Safe and Shapely.
On the recurrence of when tomatoes were first proven safe to eat, Matter Of Form looks at how consumer purchasing behaviour is being changed by the increasingly popular online grocery market.
Factors affecting food choice
On September 28, 1846 Colonel Robert Gibbon Johnson had to consume a quantity of ripe tomatoes in front of an audience, in an effort to prove their edibility to the incorruptible Americans.
This need to validate and verify products through their physical state still continues to date, albeit in more subtle forms; description, colour, size, lighting, on-shelf positioning, price etc... all play a pivotal role in choice (Grunnert, 2002).
Of course, no more is this true than in the selection of one's fruit and veg; due in no small part to the transient nature of their being, and often very small window of optimal freshness and quality. In fact, a 2013 study into the role of credence labels on consumers' liking of tomatoes by the European Journal of Horticultural Science showed that ‘on-the-vine' tomatoes were the most frequently purchased format. Furthermore, the majority of participants preferred the taste of tomatoes when they were labelled as local and organic, even if in reality they weren't.
How is our purchasing of fresh produce changing in the online shopping era?
In the digital world tangibility becomes a bit more difficult. One cannot simply pick up a potentially good melon and give it a squeeze to see if it's ripe; because for the first time in our lives we are having to trust our online suppliers to provide us with decent fresh produce based on a photograph, despite the product not being standardised and processed in the same way as other FMCG offerings, which are overtly branded and easier to trust.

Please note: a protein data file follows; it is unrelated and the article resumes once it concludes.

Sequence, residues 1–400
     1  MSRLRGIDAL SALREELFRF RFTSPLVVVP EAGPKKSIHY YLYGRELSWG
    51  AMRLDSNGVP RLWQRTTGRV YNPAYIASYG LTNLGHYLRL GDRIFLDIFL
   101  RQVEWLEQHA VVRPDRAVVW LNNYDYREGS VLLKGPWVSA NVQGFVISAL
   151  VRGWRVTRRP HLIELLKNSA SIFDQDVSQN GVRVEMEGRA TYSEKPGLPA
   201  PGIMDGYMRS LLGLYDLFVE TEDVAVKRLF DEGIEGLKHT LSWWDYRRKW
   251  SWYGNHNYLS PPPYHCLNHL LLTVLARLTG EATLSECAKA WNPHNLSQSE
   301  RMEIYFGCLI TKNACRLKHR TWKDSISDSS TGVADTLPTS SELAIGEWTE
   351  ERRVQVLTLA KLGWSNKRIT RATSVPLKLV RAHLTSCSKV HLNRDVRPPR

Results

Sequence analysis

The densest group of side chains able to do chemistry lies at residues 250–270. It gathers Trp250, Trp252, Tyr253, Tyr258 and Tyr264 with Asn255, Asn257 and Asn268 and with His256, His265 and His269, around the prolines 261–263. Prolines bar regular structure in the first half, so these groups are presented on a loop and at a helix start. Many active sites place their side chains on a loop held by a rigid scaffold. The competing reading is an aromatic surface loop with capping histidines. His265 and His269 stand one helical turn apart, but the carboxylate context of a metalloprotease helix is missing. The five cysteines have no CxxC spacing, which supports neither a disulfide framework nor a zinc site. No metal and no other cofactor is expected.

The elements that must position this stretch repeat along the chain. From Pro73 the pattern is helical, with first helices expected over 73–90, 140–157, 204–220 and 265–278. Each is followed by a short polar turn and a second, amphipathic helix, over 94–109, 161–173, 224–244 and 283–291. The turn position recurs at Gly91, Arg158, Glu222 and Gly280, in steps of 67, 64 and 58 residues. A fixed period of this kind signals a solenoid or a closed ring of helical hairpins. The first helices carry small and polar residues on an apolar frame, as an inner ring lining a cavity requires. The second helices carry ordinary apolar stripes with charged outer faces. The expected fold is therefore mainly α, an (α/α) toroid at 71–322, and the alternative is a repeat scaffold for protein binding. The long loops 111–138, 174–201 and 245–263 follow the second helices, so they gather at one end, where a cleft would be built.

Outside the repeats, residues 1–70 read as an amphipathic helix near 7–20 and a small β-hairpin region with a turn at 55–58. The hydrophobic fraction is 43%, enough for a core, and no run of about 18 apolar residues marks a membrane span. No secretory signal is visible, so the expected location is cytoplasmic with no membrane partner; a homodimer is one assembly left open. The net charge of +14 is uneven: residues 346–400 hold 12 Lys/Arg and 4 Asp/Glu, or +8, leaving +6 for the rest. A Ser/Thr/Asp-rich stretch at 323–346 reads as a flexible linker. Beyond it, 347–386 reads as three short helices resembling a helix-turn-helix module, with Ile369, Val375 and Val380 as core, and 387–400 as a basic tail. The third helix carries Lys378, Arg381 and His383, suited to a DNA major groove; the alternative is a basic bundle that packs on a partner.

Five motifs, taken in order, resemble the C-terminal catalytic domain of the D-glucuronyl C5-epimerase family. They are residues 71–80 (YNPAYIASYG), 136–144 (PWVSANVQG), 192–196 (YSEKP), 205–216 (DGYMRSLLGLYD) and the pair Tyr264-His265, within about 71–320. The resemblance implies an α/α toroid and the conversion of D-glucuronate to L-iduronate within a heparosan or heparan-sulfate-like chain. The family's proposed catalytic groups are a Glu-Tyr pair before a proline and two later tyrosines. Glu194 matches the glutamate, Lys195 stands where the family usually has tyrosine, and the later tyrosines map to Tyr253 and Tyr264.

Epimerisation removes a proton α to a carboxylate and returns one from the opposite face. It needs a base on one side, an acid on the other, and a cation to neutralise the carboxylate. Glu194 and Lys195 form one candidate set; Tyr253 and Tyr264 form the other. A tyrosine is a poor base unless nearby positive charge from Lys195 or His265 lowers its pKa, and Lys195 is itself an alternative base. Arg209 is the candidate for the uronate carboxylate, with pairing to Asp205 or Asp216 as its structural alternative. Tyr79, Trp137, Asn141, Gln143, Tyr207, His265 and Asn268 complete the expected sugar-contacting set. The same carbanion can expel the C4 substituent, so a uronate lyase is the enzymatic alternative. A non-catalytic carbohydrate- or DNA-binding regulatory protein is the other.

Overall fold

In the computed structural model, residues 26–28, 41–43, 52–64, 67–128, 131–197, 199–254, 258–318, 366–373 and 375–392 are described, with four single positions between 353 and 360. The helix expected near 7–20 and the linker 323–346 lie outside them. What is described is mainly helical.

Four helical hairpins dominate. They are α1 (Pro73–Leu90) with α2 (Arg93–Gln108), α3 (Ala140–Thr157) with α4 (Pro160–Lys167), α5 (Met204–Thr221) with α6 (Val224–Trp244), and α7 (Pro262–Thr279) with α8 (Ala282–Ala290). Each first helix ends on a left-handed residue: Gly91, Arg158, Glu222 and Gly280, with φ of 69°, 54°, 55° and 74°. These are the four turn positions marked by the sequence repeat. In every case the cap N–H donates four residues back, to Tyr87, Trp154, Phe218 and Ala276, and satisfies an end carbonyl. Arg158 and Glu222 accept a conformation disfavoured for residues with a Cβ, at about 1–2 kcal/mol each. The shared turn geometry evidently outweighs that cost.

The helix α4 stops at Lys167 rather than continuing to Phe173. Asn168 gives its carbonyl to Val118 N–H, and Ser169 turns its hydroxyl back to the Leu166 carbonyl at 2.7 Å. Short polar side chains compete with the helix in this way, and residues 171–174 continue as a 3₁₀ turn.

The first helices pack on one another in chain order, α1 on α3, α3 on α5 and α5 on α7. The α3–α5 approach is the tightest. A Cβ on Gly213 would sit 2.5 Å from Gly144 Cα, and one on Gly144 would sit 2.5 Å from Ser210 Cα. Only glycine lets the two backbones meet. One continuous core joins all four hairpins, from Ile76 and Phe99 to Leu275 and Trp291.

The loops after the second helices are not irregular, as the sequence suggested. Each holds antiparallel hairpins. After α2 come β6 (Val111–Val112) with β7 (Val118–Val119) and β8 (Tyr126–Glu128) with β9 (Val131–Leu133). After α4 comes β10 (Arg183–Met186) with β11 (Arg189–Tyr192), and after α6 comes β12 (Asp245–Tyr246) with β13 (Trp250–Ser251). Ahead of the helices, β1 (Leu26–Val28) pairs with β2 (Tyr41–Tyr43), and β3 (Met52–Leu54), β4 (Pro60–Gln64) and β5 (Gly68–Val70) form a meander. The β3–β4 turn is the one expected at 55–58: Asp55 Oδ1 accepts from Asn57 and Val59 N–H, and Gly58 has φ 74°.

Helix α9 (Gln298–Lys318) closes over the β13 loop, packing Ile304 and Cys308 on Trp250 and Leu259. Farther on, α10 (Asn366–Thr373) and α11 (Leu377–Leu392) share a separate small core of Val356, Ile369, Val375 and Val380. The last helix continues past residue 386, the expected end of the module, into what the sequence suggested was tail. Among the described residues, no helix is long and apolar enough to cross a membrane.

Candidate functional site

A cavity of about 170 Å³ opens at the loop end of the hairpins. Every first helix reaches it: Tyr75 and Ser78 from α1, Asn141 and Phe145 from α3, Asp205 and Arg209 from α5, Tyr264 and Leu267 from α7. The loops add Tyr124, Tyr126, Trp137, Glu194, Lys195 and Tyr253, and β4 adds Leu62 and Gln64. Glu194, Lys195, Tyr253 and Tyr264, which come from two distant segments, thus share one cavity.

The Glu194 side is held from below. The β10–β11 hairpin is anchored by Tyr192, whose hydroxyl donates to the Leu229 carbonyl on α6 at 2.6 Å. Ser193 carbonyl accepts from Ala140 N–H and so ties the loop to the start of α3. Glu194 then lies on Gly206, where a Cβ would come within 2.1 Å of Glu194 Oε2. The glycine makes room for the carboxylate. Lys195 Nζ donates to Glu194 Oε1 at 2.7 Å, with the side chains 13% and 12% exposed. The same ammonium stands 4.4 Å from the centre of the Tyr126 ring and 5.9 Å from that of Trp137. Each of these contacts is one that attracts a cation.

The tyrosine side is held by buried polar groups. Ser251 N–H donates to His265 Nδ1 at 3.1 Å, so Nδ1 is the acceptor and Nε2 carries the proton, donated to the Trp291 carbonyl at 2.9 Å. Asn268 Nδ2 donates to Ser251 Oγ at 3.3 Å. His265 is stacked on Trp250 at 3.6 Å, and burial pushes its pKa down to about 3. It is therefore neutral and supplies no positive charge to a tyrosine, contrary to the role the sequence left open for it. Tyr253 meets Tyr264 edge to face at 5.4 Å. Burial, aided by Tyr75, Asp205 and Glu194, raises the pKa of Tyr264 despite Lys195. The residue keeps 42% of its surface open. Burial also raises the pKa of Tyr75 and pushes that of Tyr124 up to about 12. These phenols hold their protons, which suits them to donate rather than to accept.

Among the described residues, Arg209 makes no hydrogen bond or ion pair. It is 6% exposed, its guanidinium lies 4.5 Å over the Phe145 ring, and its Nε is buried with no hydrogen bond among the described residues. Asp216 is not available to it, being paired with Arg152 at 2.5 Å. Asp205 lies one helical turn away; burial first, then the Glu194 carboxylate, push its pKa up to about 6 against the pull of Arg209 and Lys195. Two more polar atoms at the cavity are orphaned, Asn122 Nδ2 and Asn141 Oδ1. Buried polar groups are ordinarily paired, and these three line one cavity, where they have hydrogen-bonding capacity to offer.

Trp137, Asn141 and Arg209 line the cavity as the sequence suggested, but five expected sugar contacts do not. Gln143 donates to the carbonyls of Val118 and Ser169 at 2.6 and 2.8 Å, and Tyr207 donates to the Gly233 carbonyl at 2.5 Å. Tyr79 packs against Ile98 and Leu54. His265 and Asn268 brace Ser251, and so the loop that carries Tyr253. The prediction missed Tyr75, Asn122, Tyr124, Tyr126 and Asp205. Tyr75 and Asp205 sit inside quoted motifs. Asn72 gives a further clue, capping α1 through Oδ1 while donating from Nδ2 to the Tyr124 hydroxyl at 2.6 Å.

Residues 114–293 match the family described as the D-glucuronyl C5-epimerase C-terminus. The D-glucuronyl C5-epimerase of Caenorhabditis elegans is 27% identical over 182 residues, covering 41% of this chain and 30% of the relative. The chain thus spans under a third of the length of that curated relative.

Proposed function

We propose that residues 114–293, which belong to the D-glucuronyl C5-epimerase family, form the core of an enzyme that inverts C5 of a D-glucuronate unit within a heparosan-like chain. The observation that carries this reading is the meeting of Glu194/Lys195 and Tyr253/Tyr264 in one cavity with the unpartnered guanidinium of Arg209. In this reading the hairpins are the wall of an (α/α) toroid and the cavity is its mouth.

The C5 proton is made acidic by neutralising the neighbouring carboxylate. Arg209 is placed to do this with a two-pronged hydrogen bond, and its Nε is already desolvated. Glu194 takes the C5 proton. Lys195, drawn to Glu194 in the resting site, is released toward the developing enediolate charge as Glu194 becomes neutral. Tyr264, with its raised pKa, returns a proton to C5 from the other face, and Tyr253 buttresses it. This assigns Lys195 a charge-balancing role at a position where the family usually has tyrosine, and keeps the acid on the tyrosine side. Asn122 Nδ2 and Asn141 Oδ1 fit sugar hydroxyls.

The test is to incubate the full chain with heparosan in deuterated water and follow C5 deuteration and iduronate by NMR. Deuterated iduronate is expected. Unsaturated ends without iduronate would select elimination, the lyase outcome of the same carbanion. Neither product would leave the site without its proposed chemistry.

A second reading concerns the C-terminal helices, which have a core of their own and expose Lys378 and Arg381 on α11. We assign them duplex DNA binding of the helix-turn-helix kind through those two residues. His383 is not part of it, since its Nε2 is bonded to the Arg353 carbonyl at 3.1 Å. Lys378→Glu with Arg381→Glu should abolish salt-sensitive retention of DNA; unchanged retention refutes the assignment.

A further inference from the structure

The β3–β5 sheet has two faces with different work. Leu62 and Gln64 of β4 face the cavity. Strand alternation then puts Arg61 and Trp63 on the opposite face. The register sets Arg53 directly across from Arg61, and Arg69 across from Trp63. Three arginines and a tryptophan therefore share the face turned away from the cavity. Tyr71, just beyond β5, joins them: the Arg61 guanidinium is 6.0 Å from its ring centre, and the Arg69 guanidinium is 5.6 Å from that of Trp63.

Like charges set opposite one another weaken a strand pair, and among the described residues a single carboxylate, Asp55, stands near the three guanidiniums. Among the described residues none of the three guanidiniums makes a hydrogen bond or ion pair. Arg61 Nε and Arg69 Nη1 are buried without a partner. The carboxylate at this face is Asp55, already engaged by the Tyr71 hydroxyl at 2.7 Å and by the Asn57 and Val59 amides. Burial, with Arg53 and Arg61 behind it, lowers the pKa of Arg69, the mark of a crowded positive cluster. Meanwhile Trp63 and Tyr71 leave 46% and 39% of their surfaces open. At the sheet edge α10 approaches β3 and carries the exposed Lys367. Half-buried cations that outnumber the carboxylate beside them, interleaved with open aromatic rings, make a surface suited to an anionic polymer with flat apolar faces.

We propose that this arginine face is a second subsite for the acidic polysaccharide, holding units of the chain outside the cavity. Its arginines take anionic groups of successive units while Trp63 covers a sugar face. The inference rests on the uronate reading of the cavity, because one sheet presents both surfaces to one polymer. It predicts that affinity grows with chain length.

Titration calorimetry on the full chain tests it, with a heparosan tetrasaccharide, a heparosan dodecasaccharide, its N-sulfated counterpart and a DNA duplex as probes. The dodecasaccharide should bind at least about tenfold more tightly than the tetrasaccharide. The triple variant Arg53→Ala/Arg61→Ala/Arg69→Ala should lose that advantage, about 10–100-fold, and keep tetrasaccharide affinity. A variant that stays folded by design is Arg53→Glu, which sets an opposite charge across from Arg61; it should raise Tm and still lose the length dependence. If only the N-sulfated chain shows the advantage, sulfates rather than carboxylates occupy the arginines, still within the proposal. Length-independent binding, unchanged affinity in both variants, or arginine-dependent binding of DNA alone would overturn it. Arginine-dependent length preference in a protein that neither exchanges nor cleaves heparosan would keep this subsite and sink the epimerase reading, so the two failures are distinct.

This shift requires a leap of faith. Arguably, as our shopping preferences become more digital in nature, our suppliers' brand trustworthiness will carry more and more importance (as believed by authors Richard Shepherd and Monique Raats, who penned The Psychology of Food Choice). Meaning that if I trust Tesco's to deliver a good punnet of fresh strawberries then I will likely return to them for more. Conversely, if I get a bad batch then perhaps I'll take my grocery shopping elsewhere, even if it is worth paying a little extra.
On the other hand, the rise in popularity of specialist online delivery services like Abel & Cole and Riverford Organic could suggest a different behaviour in the future; one where consumers start to break apart their shopping list once again; moving from one-stop-shops to using different trusted suppliers for their varying produce needs, in a slightly ironic digital anachronism of days gone past.
The need for a strong and consistent brand, from differentiation to delivery, is becoming increasingly important as consumers migrate online. For supermarkets this brings huge organisational and operational challenges, to prevent their margins and market share being eroded by smaller niche players. For the more specialist business looking to disrupt the apple cart, it shows the need for brutal focus and satisfaction across a core set of offerings, where scale may in fact be the enemy.